Engaging with students in the age bracket known as Generation Z (Gen Z) – those currently aged between around 15 and 22 – is not a new challenge for the higher education sector.
Educators have always had to update their methods to stay in tune with the modern world they’re preparing their students for, with technology playing a crucial role in this process. These days it’s arguably become more important than ever, with tech so central to the lives of young people who fall into this demographic. Gen Z are true digital natives, and won’t remember a time before the internet and digital technology, mainly because they weren’t even born back in those primitive times.
As well as continually seeking out that next piece of tech that will take their entertainment to the next level, Gen Z are now looking for more advanced digital experiences to augment their learning. And because they’ve now reached the age where they’re either at college or university or will be heading there in the next few years, these institutions are under pressure to ramp up their tech efforts or risk having some very uninspired students on their hands. When the next stage is for them to enter the world of work, it’s crucial that educators start acting to give them the right learning tools to suit their tech-hungry mind-sets.
Research is showing that VR is becoming an increasingly desirable learning aid. According to a new study from the Center for Generational Kinetics, commissioned by Cognizant Consulting, “the majority of Gen Z (60%) is now open to incorporating virtual reality into their experiences with movies, shows and games, and this will extend into the learning environment as students expect an immersive educational approach that provides practical experience in their chosen field.”
Although these digital experiences will differ depending on the course they’ve chosen, many young people are indicating that they’d like their learning to be more immersive, with VR now recognised as a useful educational tool. Simulation is proven to be a highly effective way of learning, and virtual reality enables this to be done in a way that Gen Z can immediately engage with.
Learning by doing
With VR, you’re learning through experience, and there are multiple theories out there suggesting this is the best way to retain what you’ve learnt. One of the best known examples is Edgar Dale’s Cone of Experience, which claims that we retain just 10% of what we read (shown at the tip of the cone diagram) but a whopping 90% of what we do (shown at the base). Even though it happens virtually, in VR you are effectively tricking your brain into thinking you’re really ‘doing’ the activity you’re learning, so therefore, if Dale is correct, it’s far more likely to stick than if you were to simply read about doing the same task in a boring old textbook.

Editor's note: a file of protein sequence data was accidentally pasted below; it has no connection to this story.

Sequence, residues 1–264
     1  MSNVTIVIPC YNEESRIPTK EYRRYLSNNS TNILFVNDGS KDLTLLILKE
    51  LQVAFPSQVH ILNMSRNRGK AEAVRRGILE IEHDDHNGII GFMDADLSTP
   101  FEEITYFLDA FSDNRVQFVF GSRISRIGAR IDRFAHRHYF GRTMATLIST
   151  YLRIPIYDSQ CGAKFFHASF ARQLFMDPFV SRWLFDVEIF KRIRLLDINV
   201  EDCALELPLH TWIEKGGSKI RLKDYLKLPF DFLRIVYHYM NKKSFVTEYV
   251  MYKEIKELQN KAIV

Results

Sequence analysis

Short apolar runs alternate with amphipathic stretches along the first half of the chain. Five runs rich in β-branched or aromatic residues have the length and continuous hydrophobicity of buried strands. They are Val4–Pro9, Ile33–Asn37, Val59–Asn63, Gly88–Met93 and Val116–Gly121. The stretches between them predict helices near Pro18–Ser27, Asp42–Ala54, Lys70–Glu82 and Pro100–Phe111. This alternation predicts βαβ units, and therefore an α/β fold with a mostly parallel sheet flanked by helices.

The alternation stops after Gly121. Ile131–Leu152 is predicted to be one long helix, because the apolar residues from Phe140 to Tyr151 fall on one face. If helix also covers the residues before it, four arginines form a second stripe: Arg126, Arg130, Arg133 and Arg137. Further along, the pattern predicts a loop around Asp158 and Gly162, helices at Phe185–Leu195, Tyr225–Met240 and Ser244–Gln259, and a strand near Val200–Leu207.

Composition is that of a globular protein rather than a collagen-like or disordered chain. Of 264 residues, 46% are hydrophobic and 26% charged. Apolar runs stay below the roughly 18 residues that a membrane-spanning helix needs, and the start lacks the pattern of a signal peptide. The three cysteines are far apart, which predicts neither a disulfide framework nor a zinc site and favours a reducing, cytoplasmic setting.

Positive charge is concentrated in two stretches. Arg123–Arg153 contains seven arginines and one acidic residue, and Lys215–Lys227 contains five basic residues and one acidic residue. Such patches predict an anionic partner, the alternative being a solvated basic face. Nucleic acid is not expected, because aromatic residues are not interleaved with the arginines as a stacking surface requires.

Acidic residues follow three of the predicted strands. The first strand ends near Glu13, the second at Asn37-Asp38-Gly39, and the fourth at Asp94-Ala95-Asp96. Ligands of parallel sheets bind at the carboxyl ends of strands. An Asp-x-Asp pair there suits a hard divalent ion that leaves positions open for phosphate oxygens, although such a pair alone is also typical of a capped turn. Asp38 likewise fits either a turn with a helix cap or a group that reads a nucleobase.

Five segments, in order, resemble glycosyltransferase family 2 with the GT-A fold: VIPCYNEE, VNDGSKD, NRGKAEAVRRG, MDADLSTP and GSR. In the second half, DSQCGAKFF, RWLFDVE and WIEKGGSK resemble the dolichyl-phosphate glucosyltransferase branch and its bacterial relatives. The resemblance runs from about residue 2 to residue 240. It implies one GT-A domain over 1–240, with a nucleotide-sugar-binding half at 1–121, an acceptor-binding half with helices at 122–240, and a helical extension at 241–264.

Virtual reality therefore presents a whole new way to learn skills that were previously difficult to teach. Before, the ‘doing’ had to be done for real, maybe in the form of a practical experiment or a costly school trip, but with this new technology all it takes is a headset and some convincing content so it’s as close to reality as possible.
VR enables pretty much limitless learning possibilities due to the activities taking place in a virtual, created world. Learners could be immediately transported to a place in history that they need to know about, or perhaps a faraway geographical location that they’re studying. The older generations got by OK with traditional non-tech methods, but Gen Z don’t tend to respond well to passive-only learning.
Playing it safe
Another benefit of VR is that it allows the user to experience the activity that is being simulated with as much accuracy and realism as possible, but in a safe way. The wearer can afford to make mistakes that could get them into trouble in the real world, but in the virtual space they won’t be harmed, for example experimenting with hazardous chemicals in a ‘VR lab’.
Of course, we’re only at the very dawn of VR being utilised for learning, and it will take a bit of time to really take hold. Yet what is really starting to excite experts is the potential for it to be combined with other emerging technologies such as artificial intelligence and machine learning, even robotics.
But let’s allow VR to properly find its place in the classroom before looking too far ahead, or before we know it we’ll have Generation Alpha to cater for too, and that’ll be a whole other challenge entirely.
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